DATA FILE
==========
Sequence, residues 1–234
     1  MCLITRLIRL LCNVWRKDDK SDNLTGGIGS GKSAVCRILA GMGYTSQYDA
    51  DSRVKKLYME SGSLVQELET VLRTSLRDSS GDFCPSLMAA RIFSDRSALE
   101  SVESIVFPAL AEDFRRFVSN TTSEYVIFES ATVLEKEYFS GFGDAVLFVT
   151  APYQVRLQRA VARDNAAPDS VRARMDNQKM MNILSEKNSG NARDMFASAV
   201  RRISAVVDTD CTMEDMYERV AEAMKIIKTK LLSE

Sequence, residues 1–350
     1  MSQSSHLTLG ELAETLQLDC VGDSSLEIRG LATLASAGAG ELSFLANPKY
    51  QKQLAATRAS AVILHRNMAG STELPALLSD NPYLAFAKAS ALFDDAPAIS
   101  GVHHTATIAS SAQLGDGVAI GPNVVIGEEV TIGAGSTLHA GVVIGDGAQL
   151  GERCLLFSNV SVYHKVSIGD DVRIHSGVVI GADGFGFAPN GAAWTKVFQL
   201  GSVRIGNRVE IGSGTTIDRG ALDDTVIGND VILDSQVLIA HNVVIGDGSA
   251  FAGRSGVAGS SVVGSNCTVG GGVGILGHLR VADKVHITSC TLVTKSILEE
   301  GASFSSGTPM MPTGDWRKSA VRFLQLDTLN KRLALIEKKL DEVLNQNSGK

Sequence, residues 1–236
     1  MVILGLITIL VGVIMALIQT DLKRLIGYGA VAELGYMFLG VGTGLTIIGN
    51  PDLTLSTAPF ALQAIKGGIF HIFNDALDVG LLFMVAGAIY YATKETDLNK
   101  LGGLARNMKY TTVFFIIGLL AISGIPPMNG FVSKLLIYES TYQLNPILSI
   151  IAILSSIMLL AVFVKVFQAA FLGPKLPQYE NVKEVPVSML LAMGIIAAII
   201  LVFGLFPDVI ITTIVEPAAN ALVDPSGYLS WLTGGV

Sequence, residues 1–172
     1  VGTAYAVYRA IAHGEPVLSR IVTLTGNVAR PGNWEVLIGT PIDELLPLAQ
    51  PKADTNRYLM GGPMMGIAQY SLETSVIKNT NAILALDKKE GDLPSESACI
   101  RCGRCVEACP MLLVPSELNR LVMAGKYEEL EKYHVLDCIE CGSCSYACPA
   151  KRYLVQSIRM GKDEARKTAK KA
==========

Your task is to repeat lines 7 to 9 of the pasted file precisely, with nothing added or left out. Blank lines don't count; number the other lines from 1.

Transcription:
Sequence, residues 1–350
     1  MSQSSHLTLG ELAETLQLDC VGDSSLEIRG LATLASAGAG ELSFLANPKY
    51  QKQLAATRAS AVILHRNMAG STELPALLSD NPYLAFAKAS ALFDDAPAIS